So.. Stalin was just straight-up a good guy. What else is Stalin supposed to be accused of?

Haha holy shit I just realized it was a shitpost, I should get some sleep

but jamal and deravius speak highly of the current us corrections system as well cuz dey get to meet dey daddy and be in a family reunion

dey also learn valuable skills in prison like breaking and entering and establish connections and form fraternal organizations even (street gangs)

Some of this sounds kind of fucked up.
It's a little much.
Girl got exiled for not liking Socialism? Seems kind of rough, and to go to them in the middle of the night is REALLY fucked. Jesus christ, imagine getting woke up to be informed you are being exiled. Jeez. It sounds like the exiling wasn't bad, but still. Can't believe that old lady snitched on her like that.

Also this isn't really talking about concentration camps, which is the Gulag 90% are referring to. I mean sure, it's nice to say that not everyone arrested was completely screwed, but kind of weak.

And also this, sage for double post. Not really a positive article.

The site is listing quotes from a ton of different sources, both communist, neutral, and anticommunist.

Triple post, I know, but I am in disbelief at how not positive this article is. This isn't convincing anyone of anything.


Doctors Plot



that's debunked, someone else was paranoid about the doctors and it was Stalin himself who shut the whole investigation down. also, it had nothing to do with jews.

what a suspiciously specific denial that is

Despite this article, something still tells me that I would hardly survive being sent to uranium mining Gulag.

yes, but at the same time kulaks deserved worse.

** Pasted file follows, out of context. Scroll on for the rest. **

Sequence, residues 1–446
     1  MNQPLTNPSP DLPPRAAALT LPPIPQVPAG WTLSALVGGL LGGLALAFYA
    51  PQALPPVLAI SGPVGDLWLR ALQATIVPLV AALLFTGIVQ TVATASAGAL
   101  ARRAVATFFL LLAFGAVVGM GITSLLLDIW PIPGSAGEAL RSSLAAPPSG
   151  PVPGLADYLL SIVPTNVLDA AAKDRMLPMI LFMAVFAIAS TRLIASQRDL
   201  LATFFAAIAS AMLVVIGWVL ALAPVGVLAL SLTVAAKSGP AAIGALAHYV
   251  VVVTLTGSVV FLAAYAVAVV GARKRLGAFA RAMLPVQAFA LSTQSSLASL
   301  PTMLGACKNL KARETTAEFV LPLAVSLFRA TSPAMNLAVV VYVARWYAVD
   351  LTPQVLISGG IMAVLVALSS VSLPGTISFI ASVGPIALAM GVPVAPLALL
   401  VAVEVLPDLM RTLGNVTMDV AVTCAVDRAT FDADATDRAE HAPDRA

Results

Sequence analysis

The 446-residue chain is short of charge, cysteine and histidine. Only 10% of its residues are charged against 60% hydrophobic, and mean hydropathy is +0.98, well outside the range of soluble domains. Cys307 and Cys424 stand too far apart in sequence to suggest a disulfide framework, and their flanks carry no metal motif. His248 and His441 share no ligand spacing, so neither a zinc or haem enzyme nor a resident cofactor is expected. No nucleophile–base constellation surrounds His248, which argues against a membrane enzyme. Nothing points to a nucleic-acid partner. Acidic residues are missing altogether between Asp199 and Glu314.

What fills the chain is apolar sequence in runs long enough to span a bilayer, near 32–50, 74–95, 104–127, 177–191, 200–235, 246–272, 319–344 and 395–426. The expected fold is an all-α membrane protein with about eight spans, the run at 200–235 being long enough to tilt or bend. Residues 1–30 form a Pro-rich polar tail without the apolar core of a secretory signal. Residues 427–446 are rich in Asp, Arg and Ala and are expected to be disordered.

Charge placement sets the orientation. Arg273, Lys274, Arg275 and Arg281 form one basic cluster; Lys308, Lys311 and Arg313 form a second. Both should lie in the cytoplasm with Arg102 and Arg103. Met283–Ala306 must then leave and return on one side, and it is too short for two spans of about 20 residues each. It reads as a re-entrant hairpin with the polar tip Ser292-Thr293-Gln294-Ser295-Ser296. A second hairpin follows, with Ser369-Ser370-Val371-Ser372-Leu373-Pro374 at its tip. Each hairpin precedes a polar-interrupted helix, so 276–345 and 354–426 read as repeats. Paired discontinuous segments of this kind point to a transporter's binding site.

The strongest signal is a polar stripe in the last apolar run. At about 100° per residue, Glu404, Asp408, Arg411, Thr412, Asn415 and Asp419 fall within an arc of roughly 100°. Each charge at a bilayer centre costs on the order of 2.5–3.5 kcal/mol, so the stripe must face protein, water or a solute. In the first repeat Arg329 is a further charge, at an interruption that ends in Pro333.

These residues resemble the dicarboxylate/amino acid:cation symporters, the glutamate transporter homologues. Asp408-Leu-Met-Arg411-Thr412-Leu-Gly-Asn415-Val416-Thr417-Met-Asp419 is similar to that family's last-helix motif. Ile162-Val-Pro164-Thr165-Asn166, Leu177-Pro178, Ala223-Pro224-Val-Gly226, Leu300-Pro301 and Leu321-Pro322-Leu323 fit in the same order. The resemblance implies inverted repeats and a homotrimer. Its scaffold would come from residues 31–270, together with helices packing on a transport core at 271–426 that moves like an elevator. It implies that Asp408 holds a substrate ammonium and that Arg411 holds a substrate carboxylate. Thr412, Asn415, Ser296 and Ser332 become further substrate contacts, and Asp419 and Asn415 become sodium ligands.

Holodomor wasn't real only means that the famine was not a deliberate genocide. I can still say that kulaks should have starved more without contradicting myself.

Yes because kulaks didn't exist before 1928

How are you supposed to judge the prison system with anything but visiting them? Satellite photos didn't exist back then.

The Soviet Union had the Norwegian model of rehab before Norway even existed

I'll quote Solzhenitsyn's anecdotal bullshit which is just as valid as this stuff.

afaik even the Norwegian model doesn't include a normal wage or integration with society.

Cuba's prison system is actually still like the GULAG system in many respects, but I think labor may not be mandatory.

I actually never heard about the "minus" system before. It sounds like a very reasonable method of criminal punishment.

That's wrong, are you the same poster who keeps repeating this lie or are you repeating it second hand? Because I've already disproved this before.

fuck off

Gonna have to be a bit skeptical here, comrade. But I am finally free from writing reports so I will dig through your obviously biased page with quotes.

The girl was kept for two months in the Moscow prison for political suspects, during which time her family was not permitted to communicate with her. At the end of that period, the mother was called in and told she could talk with her daughter for 20 minutes. The girl told her the police had decided she had “counter-revolutionary moods,” and would therefore be exiled for two years. My friend, talking to the mother, asked: “And what do you think of such treatment?” The mother replied earnestly: “Oh, we are very much pleased because our daughter received only two years of free exile; she might have been sent to a concentration camp.”
Is this supposed to show the benefits of the soviet punitive system? Or just show how it didnt kill toddlers?
Cause this still seems incredibly shit, cancerous and anti-socialist.

Lol China still does this controlling bullshit right now. If you stay over anywhere you have to register at the police, its such a load of shit.